Many women resist traditional budgeting because it feels so restrictive. Your new spending plan prioritizes what’s most important to you.
At the mention of the word “budget,” many people cringe. Like the word “diet,” it brings about a sense of dread, thoughts of deprivation, and the possibility of failure. Instead of focusing on the long-term rewards of effective budgeting, you start to focus on what you can’t have right now. When that deprivation mentality kicks in, it makes mindless shopping or impulse purchases harder to resist. But don’t fret; this mindset is fixable if you take a different approach with your spending plan.
The Psychology of Budgeting
There’s a psychological side to budgeting. It involves motivation, discipline, and often a bit of creativity. The idea of budgeting creates an emotional response in your brain, and it’s not always a good one. Creating and sticking to a budget can feel like yet another task on your already endless to-do list, not to mention the fact that this task also involves math, which most of us tend to avoid. But stick with me here because you do need a budget, just not the kind that fills you with an impending sense of doom.
Why You Need a Budget
As challenging as it can be, budgeting is a necessary not-so-evil. For starters, identifying where your money is going every month can help you find ways to cut back, increase your savings, and work toward your financial goals. A recent U.S. Bank study revealed that only 41% of Americans use a budget, even though it’s one of the most effective ways to keep track of our finances.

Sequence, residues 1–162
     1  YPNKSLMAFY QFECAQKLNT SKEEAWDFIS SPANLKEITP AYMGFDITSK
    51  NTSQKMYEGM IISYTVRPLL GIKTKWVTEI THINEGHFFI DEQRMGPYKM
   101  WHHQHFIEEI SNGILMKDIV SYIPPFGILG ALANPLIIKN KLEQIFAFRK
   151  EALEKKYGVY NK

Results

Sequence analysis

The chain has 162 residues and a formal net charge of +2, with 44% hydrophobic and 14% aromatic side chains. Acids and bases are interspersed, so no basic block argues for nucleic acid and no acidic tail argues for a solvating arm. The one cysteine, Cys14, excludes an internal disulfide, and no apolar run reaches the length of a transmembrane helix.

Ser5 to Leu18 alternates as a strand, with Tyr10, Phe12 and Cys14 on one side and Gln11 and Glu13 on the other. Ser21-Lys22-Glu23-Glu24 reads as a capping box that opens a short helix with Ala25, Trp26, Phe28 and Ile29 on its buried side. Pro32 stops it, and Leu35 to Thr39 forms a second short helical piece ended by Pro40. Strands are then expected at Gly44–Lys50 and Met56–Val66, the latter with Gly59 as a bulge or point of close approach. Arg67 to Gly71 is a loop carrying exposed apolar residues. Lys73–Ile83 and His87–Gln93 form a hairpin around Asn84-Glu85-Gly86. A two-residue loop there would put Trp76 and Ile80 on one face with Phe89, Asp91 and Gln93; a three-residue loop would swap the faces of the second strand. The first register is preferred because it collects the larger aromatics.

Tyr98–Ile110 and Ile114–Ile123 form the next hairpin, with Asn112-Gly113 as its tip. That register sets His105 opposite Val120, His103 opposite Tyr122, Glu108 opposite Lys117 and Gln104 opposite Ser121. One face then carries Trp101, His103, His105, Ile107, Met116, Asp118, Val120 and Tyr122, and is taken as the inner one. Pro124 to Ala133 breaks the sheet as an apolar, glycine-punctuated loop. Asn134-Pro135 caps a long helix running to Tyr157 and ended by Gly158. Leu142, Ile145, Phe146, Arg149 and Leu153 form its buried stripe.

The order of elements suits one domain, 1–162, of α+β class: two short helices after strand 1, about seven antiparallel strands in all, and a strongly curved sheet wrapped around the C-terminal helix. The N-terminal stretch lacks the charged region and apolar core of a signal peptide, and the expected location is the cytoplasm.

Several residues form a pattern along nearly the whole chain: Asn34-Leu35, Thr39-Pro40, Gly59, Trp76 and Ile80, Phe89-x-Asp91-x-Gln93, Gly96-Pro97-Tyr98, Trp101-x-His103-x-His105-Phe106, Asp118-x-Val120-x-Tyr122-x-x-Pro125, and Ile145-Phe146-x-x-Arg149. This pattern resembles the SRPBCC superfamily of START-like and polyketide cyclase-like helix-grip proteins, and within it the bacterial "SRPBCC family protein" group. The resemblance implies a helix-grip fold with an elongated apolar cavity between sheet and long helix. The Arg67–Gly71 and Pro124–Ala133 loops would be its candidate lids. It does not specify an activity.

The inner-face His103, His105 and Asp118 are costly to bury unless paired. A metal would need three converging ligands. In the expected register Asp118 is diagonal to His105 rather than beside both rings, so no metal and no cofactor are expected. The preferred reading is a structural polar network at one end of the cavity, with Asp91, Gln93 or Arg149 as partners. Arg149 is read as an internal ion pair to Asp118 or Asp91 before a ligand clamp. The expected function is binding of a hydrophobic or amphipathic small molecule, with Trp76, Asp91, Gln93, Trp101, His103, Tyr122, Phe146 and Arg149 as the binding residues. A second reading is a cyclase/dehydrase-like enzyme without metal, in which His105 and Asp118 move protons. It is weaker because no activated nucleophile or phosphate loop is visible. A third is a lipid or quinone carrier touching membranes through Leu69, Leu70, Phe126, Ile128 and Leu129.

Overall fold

It’s time to try a better way. Budgeting can help you improve your financial security, limit unaligned spending, and avoid debt and financial stress. It’s one of the quickest and easiest ways to increase your financial control and sense of financial fulfillment.
What If There Were a Better Way?
The key to better budgeting is to make it feel less like deprivation and more like prioritization. Understanding your core values, financial and otherwise, and aligning your spending with them can be very motivating. And when you feel more aligned, it tends to lead to greater fulfillment and better habits.
Here are some suggestions for aligning your new budget spending plan with your values:
- Create a financial plan that emphasizes your goals, whether that’s early retirement, real estate investments, or that long-awaited vacation
- If you’re estimating costs, it’s always better to be conservative (i.e., overestimate rather than underestimate)
- Link your spending to things that you value—this may require some self-reflection work, but it will be worth it
- Use visuals to maintain your motivation (pop pictures on the wall over your desk or create a vision board on Pinterest), and revisit your goals regularly
- Give yourself grace and a chance to rework the numbers or try again if you fall off track
Your New Spending Plan
To implement these ideas in your own budget, download The Happiness Spreadsheet for a fresh, inspiring approach to budgeting that aligns your spending plan with your values.